Ask Your Questions About the Pandemic in California

To help us understand the events of the past few months and what the future might look like, we’re reviving our Your Lead series, where we’ll answer your questions about the effects of the pandemic on daily life for millions of Californians.

What do you want to know about how the pandemic is changing life in California?

We want your questions about everything — not just the economy, but also about health care, the environment, dating, traveling, commuting, how our culture is changing and more. We want to look at all the ways we are experiencing life during the pandemic.

Here’s your chance to shape our reporting as we write about life in 2020 and beyond. While we are based in California, we may share some of your questions with our colleagues across the country.

Using this form, tell us what you’re wondering about, what topics you want us to dig into and why you want to know. We’ll answer some of your questions in future newsletters and stories.

In our previous call for questions about inequality in California, you asked and we answered: Where does the state’s homeless population come from? What income counts as middle class? How does homelessness in California compare with other states? We will continue reporting out answers to your questions about inequality.

We look forward to hearing from you.

[Click here to open the form.]

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  • In a nearly empty courtroom on Tuesday, the chief executive of Pacific Gas & Electric stood in front of a judge and said the same three words more than 80 times: “Guilty, your honor.” [The New York Times]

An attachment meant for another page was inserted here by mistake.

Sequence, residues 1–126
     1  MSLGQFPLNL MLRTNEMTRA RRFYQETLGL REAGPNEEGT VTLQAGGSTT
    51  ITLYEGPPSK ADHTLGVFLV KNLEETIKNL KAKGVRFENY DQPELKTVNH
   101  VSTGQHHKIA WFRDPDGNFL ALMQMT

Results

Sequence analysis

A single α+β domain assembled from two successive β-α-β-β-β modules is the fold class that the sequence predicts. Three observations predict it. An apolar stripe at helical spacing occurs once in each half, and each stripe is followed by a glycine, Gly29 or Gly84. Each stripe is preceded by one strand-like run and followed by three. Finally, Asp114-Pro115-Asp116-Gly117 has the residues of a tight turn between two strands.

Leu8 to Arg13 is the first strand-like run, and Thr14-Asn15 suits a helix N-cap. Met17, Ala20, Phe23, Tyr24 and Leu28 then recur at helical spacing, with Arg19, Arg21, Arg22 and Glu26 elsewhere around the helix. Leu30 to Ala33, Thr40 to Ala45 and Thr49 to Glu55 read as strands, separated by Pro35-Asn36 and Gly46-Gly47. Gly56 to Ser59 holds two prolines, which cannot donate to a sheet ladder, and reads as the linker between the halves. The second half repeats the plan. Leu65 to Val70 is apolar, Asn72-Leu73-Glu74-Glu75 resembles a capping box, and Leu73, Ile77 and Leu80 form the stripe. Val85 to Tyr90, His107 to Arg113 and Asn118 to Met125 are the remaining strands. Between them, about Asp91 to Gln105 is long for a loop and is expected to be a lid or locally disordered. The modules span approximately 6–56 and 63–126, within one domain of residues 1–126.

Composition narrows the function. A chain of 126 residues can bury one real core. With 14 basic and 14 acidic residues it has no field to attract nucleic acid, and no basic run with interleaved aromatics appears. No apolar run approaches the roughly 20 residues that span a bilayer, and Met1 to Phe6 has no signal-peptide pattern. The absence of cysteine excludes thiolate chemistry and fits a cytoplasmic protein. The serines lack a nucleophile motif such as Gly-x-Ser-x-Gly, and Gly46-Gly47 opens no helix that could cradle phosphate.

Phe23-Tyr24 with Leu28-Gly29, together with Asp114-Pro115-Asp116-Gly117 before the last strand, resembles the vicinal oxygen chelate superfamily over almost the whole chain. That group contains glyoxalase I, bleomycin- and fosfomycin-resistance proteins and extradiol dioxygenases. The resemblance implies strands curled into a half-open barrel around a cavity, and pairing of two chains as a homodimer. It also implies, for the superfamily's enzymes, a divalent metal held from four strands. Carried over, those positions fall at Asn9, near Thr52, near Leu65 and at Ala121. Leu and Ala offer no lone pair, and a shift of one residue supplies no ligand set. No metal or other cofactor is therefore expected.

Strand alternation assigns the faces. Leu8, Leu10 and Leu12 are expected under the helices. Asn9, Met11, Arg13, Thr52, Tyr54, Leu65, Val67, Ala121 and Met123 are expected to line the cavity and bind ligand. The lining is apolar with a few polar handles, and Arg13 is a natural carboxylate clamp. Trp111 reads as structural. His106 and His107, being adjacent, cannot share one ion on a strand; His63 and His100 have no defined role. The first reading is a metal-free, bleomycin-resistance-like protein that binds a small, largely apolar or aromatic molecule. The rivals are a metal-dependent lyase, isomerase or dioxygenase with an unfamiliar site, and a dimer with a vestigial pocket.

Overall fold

Read more about how the utility repeatedly ignored fire risks in favor of profits. [The New York Times]

  • Law enforcement agencies in almost 100 cities across the country — including Beverly Hills, Walnut Creek, Fontana, Oakland, San Luis Obispo, Santa Ana, Santa Rosa and other California communities — tear-gassed protesters in recent weeks. It’s the most widespread domestic use of tear gas against demonstrators since the late 1960s. [The New York Times]

  • An Air Force sergeant with ties to the so-called boogaloo movement, which adheres to an extremist anti-government ideology, was charged with murder and attempted murder in the death of the federal security officer who was shot to death in Oakland. [The New York Times]

  • If you missed it, three large police unions in California started a campaign pledging to “root out” racist officers and calling for some of the broad reforms that have been proposed as less drastic than completely dismantling departments. [The San Francisco Chronicle]

Here’s what to know about calls to defund the police. [The New York Times]

  • The mayor of Healdsburg said she would step down amid criticism that she was dismissive of calls to address systemic racism and refused to support a review of the use-of-force policies for the city’s Police Department. [The Press Democrat]

  • So far, the number of Covid-19 cases tied to protests in Sacramento has been “way lower” than expected, an official said. [CapRadio]

  • Employees of Apple, Google and Microsoft raised millions of dollars for the Black Lives Matter Foundation. It’s not affiliated with Black Lives Matter, though. [BuzzFeed News]